Rockwell vs Reality

Usual disclaimer: All research in this post done in about 30 minutes via the internet and summarized into three lines. If I omitted or mis-represented your group it was not intentional, and I’d appreciate your help in correcting the mistake.

Rockwell:

The entire family crowds around a table, laden with seasonal eats and trimmings. (In some traditions there is an abundance of home-baked sugar, in others it’s bitter herbs and ashes. Rockwell would have gone with the Americana version.)

The kids present their gaily decorated jars, filled to overflowing with carefully-saved and prayed-over coins, mostly small denominations, with the occasional crisp bill from an aunt who said, “Spend it wisely.”

They look over a list of charities and come to a consensus. The kids decorate at least three cards each (for the walls of the charity), then decorate the more formal anonymous letter from the parents. The envelope is stuffed and sealed, and they sing carols while walking three miles to deliver it in person.

Reality:

On the rare occasions Mom remembers to pay allowance (she keeps track so it all adds up by the end of the year), she also drops the agreed-on number of coins into each child’s plain manila charity envelope, decorated with the child’s name in block-letters. Sometimes she substitutes IOU notes for coins.

When the school does Jump Rope for Heart or the Terry Fox Walk, the kids empty their envelopes. Yes, the second event, only six weeks after the first, gets short-changed.

When making the chart of who has to buy for whom, she mumbles something about charity. She repeats the mumbles every so often, usually when the kids should be concentrating on something else, such as getting out the door.

Eventually, while procrastinating from housework, she looks up the average spending, to assuage her conscience. CBC report .

Canadians are cheap. (Either that or they don’t keep tax receipts.) Only 25% of families claim any donation on their income taxes, and of that the median claim is only $250 — meaning half of Canadian families donate even less. Minimum wage is $10, for $20,000 / year. 1% of that would be $200. Our family makes more than minimum wage.

Okay, maybe those stats doesn’t count the coins tossed into fountains and the grocery stores that let you add a few bucks to the total for the foodbank, but it’s still pretty bad.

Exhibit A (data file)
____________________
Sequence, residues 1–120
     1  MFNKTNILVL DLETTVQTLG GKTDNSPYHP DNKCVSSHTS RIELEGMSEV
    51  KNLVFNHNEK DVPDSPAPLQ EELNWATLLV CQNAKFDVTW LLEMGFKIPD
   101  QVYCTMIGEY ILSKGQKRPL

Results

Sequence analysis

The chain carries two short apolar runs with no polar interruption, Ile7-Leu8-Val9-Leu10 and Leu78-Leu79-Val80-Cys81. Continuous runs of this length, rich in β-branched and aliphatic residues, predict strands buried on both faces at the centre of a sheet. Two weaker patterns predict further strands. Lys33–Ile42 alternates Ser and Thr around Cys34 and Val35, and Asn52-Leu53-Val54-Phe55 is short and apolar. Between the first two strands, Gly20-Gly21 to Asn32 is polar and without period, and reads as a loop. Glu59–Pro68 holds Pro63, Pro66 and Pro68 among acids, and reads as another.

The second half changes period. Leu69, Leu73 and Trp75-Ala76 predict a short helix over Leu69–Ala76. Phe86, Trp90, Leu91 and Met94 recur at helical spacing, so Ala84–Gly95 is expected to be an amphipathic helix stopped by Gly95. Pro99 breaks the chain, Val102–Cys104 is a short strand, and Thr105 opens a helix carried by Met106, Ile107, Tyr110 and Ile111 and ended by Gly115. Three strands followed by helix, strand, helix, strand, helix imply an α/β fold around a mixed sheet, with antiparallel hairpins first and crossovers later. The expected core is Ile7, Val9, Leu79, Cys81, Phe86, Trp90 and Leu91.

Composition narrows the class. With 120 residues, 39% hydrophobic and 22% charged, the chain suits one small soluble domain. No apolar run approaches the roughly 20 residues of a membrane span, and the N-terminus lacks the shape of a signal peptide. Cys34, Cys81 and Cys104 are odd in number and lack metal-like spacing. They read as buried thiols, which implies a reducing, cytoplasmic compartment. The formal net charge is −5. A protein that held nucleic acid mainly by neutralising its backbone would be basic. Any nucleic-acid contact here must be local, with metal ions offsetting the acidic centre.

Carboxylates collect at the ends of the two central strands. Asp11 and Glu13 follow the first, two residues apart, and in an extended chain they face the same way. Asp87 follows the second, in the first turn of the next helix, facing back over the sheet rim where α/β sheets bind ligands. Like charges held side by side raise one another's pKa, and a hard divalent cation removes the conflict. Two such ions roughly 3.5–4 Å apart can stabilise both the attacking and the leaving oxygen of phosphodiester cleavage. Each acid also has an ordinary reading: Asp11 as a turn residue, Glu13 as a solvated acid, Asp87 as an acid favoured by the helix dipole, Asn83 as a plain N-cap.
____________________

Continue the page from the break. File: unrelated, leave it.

The Old Testament suggests 10% of income as the magic number, and that comes from even older traditions. It’s one of the five pillars of Islam (although there’s some discrepancy of tithing 10% of income vs offering 2.5% of ones assets). Dasvandh (das = tenth, vandh = giving) is mandated in the Sikh scriptures and applies to both time in prayer and income. All said the money is to support the work of the religion (including buildings and salaries) and the poor. No faith insisted you send the money through them, although they all had sub-groups who claimed otherwise. Likewise, they all said they had expenses and would appreciate being one of the charities you support.

So, somewhere between 1% and 10% of income. Parents agree on family total and where parents’ donation will go. Leave a chunk for the “family donation” as chosen by the kids.

Back to the charming family scene:

As the kids are getting ready for school, Mom asks where their charity money should go. Repeat when they should be going to sleep and other busy times. After a few weeks of this she takes the notepad with her and writes down the answers.

While the kids are at school, she counts the contents of their envelopes and dumps the coins into the family coin bin. She also adds up donations from earlier this year and calculates how much the parents will donate. She adds the two numbers, then goes online to find the address and ends up using the online donation form and her credit card.

I dunno, doesn’t seem as personal as dropping coins into a kettle, kids don’t get the same warm glow, but it’s a step in the right direction.

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